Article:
Matt Skiba And The Sekrets
07 May 2012
by Ruth Booth
Regular readers of Thrash Hits will remember we ran this photo a while ago, with a certain amount of disbelief. With his penchant for wry, dark romance, if Alkaline Trio’s frontman took a cue from any Lost Boys, our money would’ve been on these ones. But, aside from possible sponsorship by the local bird sanctuary, this photo told us two crucial things about Matt Skiba’s new project.
Firstly, it told us Skiba is intending something new this time. Certainly, it’s different enough for him to take a complete stylistic volte-face from the sharp black-with-red-accents of his dayjob. And secondly, that this is very much a one-man show. This may well be Skiba and the Sekrets, but that’s as likely to refer to his own skeletons as it is to his bandmates, Hunter Burgan (AFI’s bassist), and Jarrod Alexander (current touring drummer for My Chemical Romance).
Babylon kicks off with ‘Voices’, a synth-backed piece of driven rock with dark lyrics, which pretty much sets the pace for the entire record. This is anthemic new wave – but not like Heavens, Skiba’s Wire-influenced (and defunct) partnership with Joe Steinbrick. Melding Skiba’s dark and sweet melodies with an electro pop edge, Babylon leaves you in little doubt, if there was any, who’s responsible for the 80s influence in Alkaline Trio’s recent output. Indeed, much of Babylon wouldn’t sound out of place on any of their records since 2005’s Crimson. I’m left wondering how ‘You’ and ‘Haven’t You’ (the latter reworked from 2010 solo album Demos) would have sounded if Skiba had ceded Dan Andriano a vocal guest spot.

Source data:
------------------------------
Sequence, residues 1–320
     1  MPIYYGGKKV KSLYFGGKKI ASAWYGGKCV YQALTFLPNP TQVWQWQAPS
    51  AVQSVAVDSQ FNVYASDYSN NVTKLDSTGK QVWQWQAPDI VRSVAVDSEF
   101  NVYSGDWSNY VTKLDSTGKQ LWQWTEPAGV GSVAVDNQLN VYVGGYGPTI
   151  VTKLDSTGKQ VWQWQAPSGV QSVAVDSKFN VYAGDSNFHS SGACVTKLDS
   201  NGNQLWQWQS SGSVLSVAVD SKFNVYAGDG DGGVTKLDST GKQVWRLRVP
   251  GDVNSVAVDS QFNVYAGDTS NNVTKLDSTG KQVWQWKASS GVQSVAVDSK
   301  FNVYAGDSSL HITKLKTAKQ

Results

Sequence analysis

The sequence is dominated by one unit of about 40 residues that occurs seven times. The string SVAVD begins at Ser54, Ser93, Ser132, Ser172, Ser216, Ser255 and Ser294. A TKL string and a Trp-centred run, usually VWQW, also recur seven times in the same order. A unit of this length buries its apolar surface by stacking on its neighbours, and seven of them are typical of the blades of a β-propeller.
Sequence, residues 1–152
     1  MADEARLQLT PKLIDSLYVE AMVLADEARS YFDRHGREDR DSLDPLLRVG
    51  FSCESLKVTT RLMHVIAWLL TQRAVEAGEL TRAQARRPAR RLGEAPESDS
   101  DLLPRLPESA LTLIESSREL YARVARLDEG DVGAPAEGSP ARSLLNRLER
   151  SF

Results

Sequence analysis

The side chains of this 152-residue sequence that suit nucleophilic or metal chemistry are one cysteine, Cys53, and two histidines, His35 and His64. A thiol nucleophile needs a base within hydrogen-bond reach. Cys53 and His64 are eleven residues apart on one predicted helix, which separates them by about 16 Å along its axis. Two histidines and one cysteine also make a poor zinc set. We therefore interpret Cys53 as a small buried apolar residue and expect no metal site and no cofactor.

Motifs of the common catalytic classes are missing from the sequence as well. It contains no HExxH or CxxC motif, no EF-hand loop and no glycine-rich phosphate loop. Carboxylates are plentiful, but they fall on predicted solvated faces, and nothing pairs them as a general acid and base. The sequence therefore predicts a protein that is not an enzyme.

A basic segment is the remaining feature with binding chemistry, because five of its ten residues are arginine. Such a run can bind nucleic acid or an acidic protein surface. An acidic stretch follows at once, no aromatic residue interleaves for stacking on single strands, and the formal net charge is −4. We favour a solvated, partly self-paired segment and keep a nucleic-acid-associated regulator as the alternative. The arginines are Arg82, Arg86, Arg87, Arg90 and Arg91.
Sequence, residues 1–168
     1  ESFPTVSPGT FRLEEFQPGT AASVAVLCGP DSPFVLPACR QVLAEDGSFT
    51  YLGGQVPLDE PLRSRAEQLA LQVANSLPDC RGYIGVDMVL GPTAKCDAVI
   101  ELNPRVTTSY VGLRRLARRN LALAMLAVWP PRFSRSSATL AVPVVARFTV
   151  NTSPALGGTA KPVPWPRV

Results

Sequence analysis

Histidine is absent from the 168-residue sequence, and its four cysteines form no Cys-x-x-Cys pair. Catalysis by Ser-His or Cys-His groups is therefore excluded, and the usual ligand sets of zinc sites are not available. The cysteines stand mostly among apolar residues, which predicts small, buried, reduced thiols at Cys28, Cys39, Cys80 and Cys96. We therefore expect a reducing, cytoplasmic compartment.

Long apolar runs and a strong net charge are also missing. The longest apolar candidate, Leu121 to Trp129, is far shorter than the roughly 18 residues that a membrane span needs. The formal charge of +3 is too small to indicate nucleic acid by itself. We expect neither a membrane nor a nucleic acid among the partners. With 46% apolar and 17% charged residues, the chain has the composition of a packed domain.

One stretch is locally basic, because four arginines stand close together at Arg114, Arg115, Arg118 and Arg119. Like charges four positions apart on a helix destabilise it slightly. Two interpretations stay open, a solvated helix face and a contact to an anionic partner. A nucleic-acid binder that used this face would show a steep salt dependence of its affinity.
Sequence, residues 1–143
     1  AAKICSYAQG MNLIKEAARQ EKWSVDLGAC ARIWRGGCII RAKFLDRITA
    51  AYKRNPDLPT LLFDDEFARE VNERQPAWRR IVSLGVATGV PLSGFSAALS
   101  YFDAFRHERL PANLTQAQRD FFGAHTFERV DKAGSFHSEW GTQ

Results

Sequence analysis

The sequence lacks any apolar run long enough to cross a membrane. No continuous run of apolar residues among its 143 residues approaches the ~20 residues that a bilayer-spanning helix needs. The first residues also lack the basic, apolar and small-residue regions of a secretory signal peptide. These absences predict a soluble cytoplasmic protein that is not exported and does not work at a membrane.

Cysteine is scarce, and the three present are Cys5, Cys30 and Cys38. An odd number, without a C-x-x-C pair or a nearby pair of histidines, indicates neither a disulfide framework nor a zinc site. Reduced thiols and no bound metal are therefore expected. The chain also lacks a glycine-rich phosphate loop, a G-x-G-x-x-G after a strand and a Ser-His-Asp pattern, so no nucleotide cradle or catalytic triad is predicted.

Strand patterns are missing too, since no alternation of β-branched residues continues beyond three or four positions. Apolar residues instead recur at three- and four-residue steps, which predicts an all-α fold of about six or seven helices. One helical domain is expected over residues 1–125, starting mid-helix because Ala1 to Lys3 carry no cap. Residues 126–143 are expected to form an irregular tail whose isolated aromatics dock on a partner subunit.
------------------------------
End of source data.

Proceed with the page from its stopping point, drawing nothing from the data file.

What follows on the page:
Listen to ‘You’ by Matt Skiba and The Sekrets:
Okay, so Skiba does have a distinctly recognisable and deliciously frenetic way with pop song structure. And his vocals are shot through with the bittersweetness that’s indelibly inked on his other band. While the synth-heavy ‘Falling Like Rain’ might seem the biggest stretch for his fanbase on the surface, afficionados should be well acquainted with Skiba’s love of Joy Division by now. What does set Babylon apart from his other work is more down to those little touches of atmosphere that haunt individual tracks. The ‘Angel of Deaf’ (yet another Demos track) is another classic piece of Skiba dark humour, backed by a post-apocayptic thrum from the slowed down sustain of his acoustic. It’s a disturbingly effective moment, one that makes you wish he’d push more of the odd thing like this on his dayjob.
If you’re looking for a side to Matt Skiba you haven’t heard before, Babylon is not it. Arguably, this is a direction Alk3’s music has been nudging towards for years, one merely sprung prematurely from more conventionally pop punk fetters. That, however, implies Babylon is little more than an exercise in impatient arrogance, which is kind of a tautology. After all, creating any art and expecting people to pay attention to and/or money for it is an act of delicious arrogance. No, this is the side to Skiba we’ve sort of always seen, this time rendered in perfect clarity. His songwriting prowess returning to the new wave pop of his youth. Which is sort of what that promo shot is all about anyway. If you’ve always enjoyed Matt Skiba’s take on dark, sharp-witted pop – and you’re not the stylist for The Rasmus – you’ll love this opportunity to hear him soar.
Sounds Like: Skiba has love for you, if you were born in the 80s.
Standout Tracks: Haven’t You, Angel of Deaf, Falling Like Rain.